Lung cancer symptoms include:

•    A cough that does not go away after two or three weeks, or a cough that gets worse.
•    Frequent chest infections
•    Coughing up blood
•    An ache or pain when breathing or coughing
•    Feeling short of breath
•    Feeling tired or weak
•    Loss of appetite or unexplained weight loss

If you are worried, please go and see your GP. If cancer is diagnosed at an early stage, it can often be treated more successfully. 

 


ENDS

References

1.    Public Health England, Public Health Profiles, Health Profiles, Adults’ health and lifestyle – “Smoking prevalence”, http://fingertips.phe.org.uk/profile/health-profiles, Accessed [September 2016].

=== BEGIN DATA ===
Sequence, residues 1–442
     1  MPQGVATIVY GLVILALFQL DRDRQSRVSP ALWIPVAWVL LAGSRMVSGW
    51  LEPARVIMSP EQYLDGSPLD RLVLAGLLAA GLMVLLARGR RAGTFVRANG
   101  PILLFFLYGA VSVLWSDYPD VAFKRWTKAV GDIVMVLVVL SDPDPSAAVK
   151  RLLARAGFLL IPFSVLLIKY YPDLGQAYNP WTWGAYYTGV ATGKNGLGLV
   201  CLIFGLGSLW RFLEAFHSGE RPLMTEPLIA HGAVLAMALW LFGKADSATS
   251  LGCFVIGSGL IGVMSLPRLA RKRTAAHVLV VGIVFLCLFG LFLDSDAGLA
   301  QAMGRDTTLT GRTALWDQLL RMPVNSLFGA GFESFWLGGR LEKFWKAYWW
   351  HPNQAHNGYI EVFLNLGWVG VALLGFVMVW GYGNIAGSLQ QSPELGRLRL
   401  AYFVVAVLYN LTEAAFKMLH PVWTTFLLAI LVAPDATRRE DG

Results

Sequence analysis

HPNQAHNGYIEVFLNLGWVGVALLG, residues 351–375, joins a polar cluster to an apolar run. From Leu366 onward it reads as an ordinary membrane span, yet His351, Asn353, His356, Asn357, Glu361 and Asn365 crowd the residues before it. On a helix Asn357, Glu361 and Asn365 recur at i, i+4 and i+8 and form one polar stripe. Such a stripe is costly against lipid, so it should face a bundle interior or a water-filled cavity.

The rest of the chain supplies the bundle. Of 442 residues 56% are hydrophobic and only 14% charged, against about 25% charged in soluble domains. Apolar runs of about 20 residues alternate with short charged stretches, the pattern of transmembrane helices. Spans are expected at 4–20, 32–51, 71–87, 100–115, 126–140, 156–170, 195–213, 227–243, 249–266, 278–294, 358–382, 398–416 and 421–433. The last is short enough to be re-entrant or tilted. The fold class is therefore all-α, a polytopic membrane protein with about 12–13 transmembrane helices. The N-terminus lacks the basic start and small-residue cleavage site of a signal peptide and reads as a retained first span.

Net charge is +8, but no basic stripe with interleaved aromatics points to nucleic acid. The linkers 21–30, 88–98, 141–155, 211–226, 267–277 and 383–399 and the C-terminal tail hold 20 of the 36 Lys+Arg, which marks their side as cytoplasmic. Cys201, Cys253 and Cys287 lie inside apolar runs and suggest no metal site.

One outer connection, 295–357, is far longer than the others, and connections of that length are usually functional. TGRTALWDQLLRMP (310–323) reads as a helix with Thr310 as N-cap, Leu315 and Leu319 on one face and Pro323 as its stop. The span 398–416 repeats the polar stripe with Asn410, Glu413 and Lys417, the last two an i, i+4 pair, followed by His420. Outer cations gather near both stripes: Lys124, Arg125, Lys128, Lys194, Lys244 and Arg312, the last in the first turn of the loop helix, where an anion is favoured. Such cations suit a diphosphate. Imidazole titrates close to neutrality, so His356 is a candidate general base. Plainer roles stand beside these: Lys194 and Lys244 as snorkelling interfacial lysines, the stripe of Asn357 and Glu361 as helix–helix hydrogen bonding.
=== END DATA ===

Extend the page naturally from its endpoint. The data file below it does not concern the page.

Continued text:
2.    Parkin, Boyd and Walker, The fraction of cancer attributable to lifestyle and environmental factors in the UK in 2010, British Journal of Cancer 2011, 105: S1-S81.
3.    The lung cancer mortality rate in NHS Hull CCG is 109 deaths per 100,000 people compared to the England average of 61 deaths per 100,000 people. CancerData, Mortality, http://cancerdata.nhs.uk/mortality, Accessed [September 2016].

Contact:

Nikki Brady, Senior PR Officer, Yorkshire Cancer Research. Tel: 01423 877228. Email: nikki@ycr.org.uk

Notes to Editors

  • Harrogate-based Yorkshire Cancer Research was founded in 1925 and is the largest independent regional cancer charity in England (Registered Charity 516898). We are not part of a national charity.